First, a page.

The Choice


Picking not just the degree of government in our lives but our Commander-in-Psyche


On Tuesday voters will go to the ballot booth facing one of the starkest presidential choices in this nation’s history.

Never before has the electorate had the chance to affirm or refute a major government expansion like the one President Obama has instituted the past 4 years, from health care to energy to financial services.

When President Roosevelt pushed through social security in the 1930s, there was no question that it was a program that would not be repealed regardless of what some corners of the Republican party hectored. By the time Republicans had any chance of winning the presidency in 1948, such safety net had been in place for 13 years and it was foregone that no politician with self-preservation would ever dream of suggesting its repeal.

In 1968, after Medicare was put into place by Lyndon Johnson, it did not matter that he was not running again to defend it; like most social programs, once in place, it is impossible to end. Even today, the idea of just reforming it so that it is sustainable is political self-immolation to some degree, as Paul Ryan has found out.

So with Tuesday’s election, voters will be able to pick a candidate who has promised to repeal the third of the major social safety-net programs put into law, Obamacare. Regardless of how voters come down on such, they will hopefully appreciate the gravity of the choice they face.

Who will the voters pick as the country’s next Commander-in-Psyche?


But just as there is an important decision that must be made as to how and how much we choose our health care, energy and financial options, so too must we pick who will lead this country when it comes to enunciating its vision as well as defending our interests. One could call the U.S. President the chief spokesman for the country but Commander-in-Psyche would not be too far off the mark, not to minimize the other responsibilities of the office.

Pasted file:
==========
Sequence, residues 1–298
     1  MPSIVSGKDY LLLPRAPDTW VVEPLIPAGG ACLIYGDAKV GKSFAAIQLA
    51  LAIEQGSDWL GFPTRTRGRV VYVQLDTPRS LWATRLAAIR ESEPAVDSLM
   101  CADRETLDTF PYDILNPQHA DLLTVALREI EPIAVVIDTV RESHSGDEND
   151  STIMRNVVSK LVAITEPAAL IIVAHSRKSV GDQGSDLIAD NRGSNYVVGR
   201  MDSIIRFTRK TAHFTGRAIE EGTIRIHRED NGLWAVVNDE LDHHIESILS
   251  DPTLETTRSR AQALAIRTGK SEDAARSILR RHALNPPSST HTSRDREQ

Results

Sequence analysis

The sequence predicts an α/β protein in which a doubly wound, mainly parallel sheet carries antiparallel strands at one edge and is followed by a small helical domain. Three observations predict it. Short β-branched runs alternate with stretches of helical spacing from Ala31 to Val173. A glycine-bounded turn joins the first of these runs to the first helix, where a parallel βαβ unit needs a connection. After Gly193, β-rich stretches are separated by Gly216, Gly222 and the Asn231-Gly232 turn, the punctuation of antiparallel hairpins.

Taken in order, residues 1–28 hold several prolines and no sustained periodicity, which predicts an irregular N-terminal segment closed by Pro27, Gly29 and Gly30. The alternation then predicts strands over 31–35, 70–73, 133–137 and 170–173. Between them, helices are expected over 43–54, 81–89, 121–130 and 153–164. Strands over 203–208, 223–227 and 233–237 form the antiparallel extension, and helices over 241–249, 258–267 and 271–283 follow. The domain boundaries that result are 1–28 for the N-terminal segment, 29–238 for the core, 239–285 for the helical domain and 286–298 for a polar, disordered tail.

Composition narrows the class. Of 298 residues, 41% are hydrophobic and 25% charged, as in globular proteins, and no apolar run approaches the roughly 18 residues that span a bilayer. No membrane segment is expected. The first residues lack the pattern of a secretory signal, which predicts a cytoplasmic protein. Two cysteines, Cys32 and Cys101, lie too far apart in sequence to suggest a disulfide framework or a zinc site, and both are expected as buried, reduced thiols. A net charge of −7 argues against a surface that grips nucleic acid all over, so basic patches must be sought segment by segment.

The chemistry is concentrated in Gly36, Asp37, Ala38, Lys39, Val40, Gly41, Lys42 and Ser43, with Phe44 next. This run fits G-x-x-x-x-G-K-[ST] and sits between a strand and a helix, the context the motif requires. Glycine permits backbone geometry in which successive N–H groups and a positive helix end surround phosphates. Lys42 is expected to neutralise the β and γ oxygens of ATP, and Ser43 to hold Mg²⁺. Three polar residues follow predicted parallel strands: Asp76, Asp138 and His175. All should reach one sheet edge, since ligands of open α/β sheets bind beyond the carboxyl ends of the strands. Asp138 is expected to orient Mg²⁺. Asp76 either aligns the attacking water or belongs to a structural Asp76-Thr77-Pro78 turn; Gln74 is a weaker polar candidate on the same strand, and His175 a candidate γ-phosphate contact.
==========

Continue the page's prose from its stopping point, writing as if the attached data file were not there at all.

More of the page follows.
On that score, it would be difficult for the average American to choose President Obama over Mitt Romney.

From Mr. Obama’s dour acceptance of an 8% unemployment rate and 2% economic growth to his 2009 overseas trip that can well be described as an apology tour, Mr. Obama has nowhere exhibited the sunny optimism that Ronald Reagan showed, nor even Bill Clinton or Mitt Romney. In short, the president is like the salesman who believes he’s selling an inferior product and can’t avoid displaying such fact, but he must make the sale regardless. Such is not an attitude for the head of any country, and certainly not the world’s superpower.

Pundits have said that the results of this election will indicate not only the direction of the country but the state of the electorate. Probably so.

And if Mr. Obama is able to get re-elected, it will unfortunately say that all too many people have not just accepted a lower standard for themselves but for the U.S. also.

Let’s hope that Reagan’s optimism is prevalent.

-I.M. Windee

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